To many companies, ESG is still a relatively new field, which is why it is of great interest to Erste Asset Management GmbH to understand how rating agencies evaluate sustainability and how the approach has changed over the years.
Sustainability is a controversial topic which concerns politics as well as the economy in a wholistic fashion. Is it sufficient for a company to avoid a negative impact on society, or does it have to drive sustainability proactively in order to be seen as sustainable? We wanted to understand the rating of ESG in this context better and have had a look at different methods. We have outlined the most important aspects in the following.
The Sustainable Development Goals, agreed on by the United Nations, constitute a particular milestone in the assessment of sustainability. The goals the UN settled on allow for a better understanding (through clearer categories) of what sustainability in the areas environmental (E), social (S), and governance (G) really means. Generally speaking, sustainability has to be regarded within a sector context. Whereas to an energy company the environmental factors play a decisive role, a bank will focus on social aspects and its corporate culture.
There are two popular ways of assessing a company. One is to analyse the corporate risks associated with ESG that could result from certain actions, the other one is to include the ethical component. In order to illustrate these two components, let us look at a company that pays its employees badly. While this does not trigger many corporate risks except for possibly a reputational one (i.e. its image), it is ethically dubious. There are of course also actions the company could take that would both minimise corporate risk and have a direct impact on sustainability. An example would be a company that attaches great importance to the work/life balance. In this case, the corporate risk is lower because the employees are more likely to stay mentally healthy and fewer ones will quit, and at the same time this situation directly affects society because the employees are possibly more satisfied and balanced.
Some industry sectors such as for example oil and gas are not regarded as sustainable but receive an ESG rating, given that they do have the option to proactively reduce ESG risks. Also, sustainability is interpreted differently across different countries – nuclear power being one example. In order to avoid misunderstandings and not to put any industry at a disadvantage, some rating agencies have decided to not only rate sustainability, but also a company’s ability to handle risk.
Essentially, agencies look at two specific aspects: risk and opportunities. How do companies handle these two sides of the coin? Are they reducing carbon emissions and water use? What role do fossil fuels play in their business model? The financial risk is also taken into account: for example, if car manufacturers do not reach the carbon intensity goals, they have to pay penalties. If a car manufacturer develops an electric car, this comes with positive ramifications for its rating, because the revenues generated contribute positively to sustainability. A so-called reality check also enters the rating: the rating agency closely monitors whether a company keeps its promises, i.e. whether it has caused controversies in recent years.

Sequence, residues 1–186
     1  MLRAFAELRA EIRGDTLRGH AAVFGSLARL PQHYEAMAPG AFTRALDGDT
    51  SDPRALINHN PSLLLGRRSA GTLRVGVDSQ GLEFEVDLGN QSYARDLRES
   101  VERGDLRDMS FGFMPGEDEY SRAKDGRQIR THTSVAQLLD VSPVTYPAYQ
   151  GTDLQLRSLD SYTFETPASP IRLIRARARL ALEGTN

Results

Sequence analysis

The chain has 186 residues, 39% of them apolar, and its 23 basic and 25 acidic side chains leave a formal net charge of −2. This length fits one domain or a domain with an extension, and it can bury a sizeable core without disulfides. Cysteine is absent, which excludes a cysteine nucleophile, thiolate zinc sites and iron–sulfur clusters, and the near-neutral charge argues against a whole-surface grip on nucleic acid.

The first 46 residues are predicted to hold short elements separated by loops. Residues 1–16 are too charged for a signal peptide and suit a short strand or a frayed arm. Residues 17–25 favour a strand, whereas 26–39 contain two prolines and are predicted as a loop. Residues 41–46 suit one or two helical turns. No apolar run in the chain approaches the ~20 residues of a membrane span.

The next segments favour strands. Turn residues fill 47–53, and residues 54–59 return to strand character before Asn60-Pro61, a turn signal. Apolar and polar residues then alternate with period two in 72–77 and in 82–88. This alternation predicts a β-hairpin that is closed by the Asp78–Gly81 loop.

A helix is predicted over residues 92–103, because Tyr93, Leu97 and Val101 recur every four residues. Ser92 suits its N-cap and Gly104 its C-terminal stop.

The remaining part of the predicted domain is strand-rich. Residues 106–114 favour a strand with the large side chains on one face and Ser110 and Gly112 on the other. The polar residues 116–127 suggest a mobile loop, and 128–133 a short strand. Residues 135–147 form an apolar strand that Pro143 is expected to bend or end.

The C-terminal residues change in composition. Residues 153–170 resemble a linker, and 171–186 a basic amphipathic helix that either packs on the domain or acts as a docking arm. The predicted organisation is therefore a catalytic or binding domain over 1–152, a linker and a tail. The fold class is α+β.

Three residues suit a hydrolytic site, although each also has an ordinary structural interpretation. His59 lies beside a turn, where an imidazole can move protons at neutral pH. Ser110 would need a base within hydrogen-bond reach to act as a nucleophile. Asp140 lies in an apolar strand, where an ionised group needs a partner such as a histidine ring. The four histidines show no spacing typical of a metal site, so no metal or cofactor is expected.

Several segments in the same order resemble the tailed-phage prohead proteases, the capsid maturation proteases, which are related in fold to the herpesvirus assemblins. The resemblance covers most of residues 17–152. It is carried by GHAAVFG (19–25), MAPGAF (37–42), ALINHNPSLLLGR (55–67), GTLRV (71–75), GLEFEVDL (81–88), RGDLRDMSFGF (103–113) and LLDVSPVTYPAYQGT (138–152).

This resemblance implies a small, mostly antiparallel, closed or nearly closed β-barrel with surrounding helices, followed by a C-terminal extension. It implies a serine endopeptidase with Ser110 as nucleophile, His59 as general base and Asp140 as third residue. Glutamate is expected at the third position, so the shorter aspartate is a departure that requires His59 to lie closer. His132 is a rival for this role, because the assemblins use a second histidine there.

Environmental, Social, Governance
Historically speaking, governance (G) has always been regarded as the most important pillar of the ESG rating. In fact, corporate governance has played a particularly important role in portfolio management, more specifically, in the qualitative assessment of a company. Research, on the other hand, put its focus on the environment and social aspects quite early on. Given topics with a lot of societal currency such as climate change, the focus of the investment sector has also moved to the environment in recent years.
Remarkably, some rating agencies will put an even stronger focus on governance in the coming years. This is due to corporate governance playing an increasingly significant part in company valuation. Corporate governance is concerned, among other things, with the structure of the Board, with the salary structure of the company, and with corporate ethics.
The demands placed on companies have changed substantially in the past 20 years. The rating agencies require more data and information. Over the years, many companies have also realised that more data can lead to a better rating. The willingness to provide the agencies with data voluntarily has increased enormously in recent years as companies have tried to stay competitive. Given that many companies like to present themselves in a better light on paper than they possibly really are, agencies also resort to alternative sources such as state-run institutions, non-profit organisations, and alternative data providers. There is, for example, a way to find out how often a company has been hacked, and – if the hack was successful – how much data was stolen; this, of course, may have a negative impact on the rating.
Rating agencies follow their own approach in evaluating companies. Whereas in the early days they had to contend with a clear lack of transparency, nowadays rating agencies have more and more access to a vast array of different sources of information, which facilitates an ongoing development of the rating models. The rising interest in ESG has also led to a rising demand for ESG ratings. It is therefore important to understand how they were derived and what sustainability really means in this context.
Prognoses are no reliable indicator for future performance.